Focus Features               117 minutes                R

Tom Ford has designed a beautifully disturbing thriller that is both creepy and compelling. It is brutal both physically and psychologically. There are some scenes that will stick with you after seeing this film and may make you re-evaluate loyalty in your own relationships.

Tom Ford is know for design and detail, and it shows in every aspect of this film which he wrote and directed. The clothes, the settings, the way the actors are shot come into play. There are a lot of close ups, and wide shots, but not as much mid range both of high society and Texas desert. The soundtrack is spare, but there is one sound effect of a slowing heart beat that pounds in your head and will haunt you. Ford wrote and directed this, his second feature, 7 years after making A Single Man. It is based on Austin Wright’s book-within-a-book called Tom and Susan, about revenge and isolation and it gets pretty scary.


Amy Adams is Susan, an art gallerist who is depressed and unhappily married to her second husband, Tom (Armie Hammer). They have a show place for a home, and Adams says Susan creates protective armor for herself by dressing and acting well to present herself well. They are trying to hide money problems from their friends. She’s got issues and is re-evaluating her life thinking about her first husband, Edward (Jake Gyllenhaal). They did not part well.

Suddenly, after 20 years, he sends her the manuscript from his new book which is not only dedicated to her, but titled Nocturnal Animals. That’s what he called her inability to sleep. There are actually three story lines going on here, and Ford has handled them with flashbacks and interruptions so well, they are not confusing. He creates more tension as Susan either gets interrupted or she stops reading because it gets too intensely frightening for her to continue. You will feel her frustration and fear and wonder why Edward has done this. Ford says he felt like a psychologist and it was tough to edit the three story lines. He says it was fun but much bigger than he thought it would be.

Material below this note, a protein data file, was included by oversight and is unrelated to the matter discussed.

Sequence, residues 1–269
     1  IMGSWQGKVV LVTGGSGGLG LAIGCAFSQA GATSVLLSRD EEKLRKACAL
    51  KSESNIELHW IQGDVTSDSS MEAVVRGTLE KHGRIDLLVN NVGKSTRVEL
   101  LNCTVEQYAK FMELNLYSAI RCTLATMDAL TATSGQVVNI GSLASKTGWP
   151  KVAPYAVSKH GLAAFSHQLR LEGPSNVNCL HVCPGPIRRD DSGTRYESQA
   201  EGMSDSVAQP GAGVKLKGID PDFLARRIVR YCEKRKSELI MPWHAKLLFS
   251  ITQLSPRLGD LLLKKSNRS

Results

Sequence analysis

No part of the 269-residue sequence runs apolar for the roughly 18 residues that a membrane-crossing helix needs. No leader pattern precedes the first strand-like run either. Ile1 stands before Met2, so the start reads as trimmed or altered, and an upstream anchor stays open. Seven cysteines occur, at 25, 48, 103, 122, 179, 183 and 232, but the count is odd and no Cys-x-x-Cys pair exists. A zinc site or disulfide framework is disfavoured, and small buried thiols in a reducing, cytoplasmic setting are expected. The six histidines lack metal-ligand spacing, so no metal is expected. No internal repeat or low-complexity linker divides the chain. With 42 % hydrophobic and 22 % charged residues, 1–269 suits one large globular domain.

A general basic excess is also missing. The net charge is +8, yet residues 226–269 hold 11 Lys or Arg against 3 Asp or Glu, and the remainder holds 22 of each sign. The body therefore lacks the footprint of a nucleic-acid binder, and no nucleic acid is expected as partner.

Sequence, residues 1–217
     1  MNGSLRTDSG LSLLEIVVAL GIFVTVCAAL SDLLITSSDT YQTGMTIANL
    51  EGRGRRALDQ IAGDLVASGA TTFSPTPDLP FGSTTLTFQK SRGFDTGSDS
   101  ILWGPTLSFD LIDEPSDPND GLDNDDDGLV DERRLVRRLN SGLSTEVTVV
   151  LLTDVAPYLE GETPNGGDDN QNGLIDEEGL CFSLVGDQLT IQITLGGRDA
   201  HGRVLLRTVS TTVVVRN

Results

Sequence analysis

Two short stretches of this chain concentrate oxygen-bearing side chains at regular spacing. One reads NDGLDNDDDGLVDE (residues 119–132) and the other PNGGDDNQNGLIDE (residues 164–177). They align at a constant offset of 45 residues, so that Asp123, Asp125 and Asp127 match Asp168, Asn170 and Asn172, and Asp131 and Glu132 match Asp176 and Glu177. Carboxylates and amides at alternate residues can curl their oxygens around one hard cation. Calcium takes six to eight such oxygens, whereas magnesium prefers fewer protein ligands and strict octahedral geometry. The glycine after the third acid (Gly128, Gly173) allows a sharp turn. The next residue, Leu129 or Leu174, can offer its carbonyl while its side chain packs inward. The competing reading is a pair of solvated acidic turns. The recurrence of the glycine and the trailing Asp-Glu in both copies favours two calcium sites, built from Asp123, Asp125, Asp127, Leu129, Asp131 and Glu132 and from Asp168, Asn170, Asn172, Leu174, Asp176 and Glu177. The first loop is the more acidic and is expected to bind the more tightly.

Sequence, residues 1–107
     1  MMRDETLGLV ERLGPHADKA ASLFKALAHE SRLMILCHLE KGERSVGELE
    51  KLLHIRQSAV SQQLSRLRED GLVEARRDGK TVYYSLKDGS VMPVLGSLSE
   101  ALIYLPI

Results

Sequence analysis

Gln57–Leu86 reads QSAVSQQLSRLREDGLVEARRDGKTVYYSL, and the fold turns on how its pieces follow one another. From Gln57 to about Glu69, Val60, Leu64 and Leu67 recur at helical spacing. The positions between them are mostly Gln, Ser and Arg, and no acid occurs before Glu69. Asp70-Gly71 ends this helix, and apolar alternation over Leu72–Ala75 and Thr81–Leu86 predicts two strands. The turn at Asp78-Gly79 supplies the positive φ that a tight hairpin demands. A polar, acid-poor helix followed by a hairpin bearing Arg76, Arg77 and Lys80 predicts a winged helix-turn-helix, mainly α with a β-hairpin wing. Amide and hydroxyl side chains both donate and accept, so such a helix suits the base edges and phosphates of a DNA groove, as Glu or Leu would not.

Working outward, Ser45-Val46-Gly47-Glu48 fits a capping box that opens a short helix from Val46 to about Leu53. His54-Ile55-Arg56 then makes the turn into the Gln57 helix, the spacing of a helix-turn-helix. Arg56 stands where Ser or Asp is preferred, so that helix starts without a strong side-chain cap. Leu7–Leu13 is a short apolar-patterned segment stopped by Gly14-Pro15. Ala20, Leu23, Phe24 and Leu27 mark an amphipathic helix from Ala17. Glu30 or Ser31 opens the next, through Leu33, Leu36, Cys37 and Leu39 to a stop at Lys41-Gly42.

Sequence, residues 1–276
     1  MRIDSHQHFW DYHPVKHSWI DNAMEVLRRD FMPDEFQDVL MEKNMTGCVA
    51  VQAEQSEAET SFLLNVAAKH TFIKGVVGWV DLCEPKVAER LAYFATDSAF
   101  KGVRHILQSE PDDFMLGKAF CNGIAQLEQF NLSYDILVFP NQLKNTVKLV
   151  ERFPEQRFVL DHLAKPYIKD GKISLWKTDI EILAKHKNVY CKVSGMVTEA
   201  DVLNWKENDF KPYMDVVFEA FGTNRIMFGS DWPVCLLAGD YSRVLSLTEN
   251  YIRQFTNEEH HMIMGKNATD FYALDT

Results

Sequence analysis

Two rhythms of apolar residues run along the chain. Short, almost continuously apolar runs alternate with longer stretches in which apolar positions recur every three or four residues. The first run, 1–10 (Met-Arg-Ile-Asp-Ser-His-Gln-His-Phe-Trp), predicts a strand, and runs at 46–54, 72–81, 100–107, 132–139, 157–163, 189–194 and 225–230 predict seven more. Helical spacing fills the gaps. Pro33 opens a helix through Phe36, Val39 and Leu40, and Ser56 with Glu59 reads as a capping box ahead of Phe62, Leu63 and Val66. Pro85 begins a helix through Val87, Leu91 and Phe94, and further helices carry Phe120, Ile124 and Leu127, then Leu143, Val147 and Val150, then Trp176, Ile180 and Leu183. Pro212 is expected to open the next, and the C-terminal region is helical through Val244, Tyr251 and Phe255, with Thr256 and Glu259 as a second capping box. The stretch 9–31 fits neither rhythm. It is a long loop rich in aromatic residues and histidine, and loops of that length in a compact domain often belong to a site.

Gyllenhaal plays dual roles in this film and bares his soul in both. He plays Susan’s former husband and also Tony Hastings, the husband and father in the book. Gyllenhaal says Ford would act out scenes for him filled with emotion, vulnerability and sensitivity. He says the director knew exactly what he wanted.

Tony, his wife, Laura (Isla Fisher) and daughter India (Ellie Bamber) are taking a road trip through the desert when they become terrorized by three men who kidnap the women. She’s tough and fights to protect her daughter. Fisher says shooting those tough scenes in the Mojave desert at night reminded her of some weird experiences she’s had driving lonely roads in the dark. Ford cast Fisher because of her resemblance to Adams.

English actor Aaron Taylor-Johnson, (Kick Ass, Avengers: Age of Ultron) plays Ray, does much too good a job as the psychopathic ring leader and most frightening of the bunch. Karl Glusman plays Lou, and Robert Aramayo is Turk. They are so sick and obnoxious, they will make your skin crawl.

Here comes the scary part, which is horrifyingly brutal in one scene and beautifully morbid in another. Enter Michael Shannon as Bobby Andes, the Texas investigator who’s found Tony’s wife and daughter. Shannon is always interesting, though so understated here. Ford keeps his dialogue to a minimum, but he does so much with it by delivery and tight shots of slight but effective facial expressions. Ford keeps you guessing if Shannon’s character is really going to help or not. Tony finds out that the detective’s got his own issues that also come into play.  

Amy Adams is on the screen showing the gamut of emotions throughout the film. She depressed, and repressed rethinking the decisions that changed her life. She too, is vulnerable, in a flashback as a young college undergrad who bucks her tough Texan Mother to marry the idealistic writer Edward. Linney transforms herself completely, with big hair, accent and all in their few scenes together. We hardly recognized her! Ford says he was so impressed with Linney’s characterization that he would have written more scenes using her.

Nocturnal Animals is a well crafted, but disturbing drama with great detail and acting. We hope that Jake and Amy can now get some sleep, but we know this film could keep YOU up all night.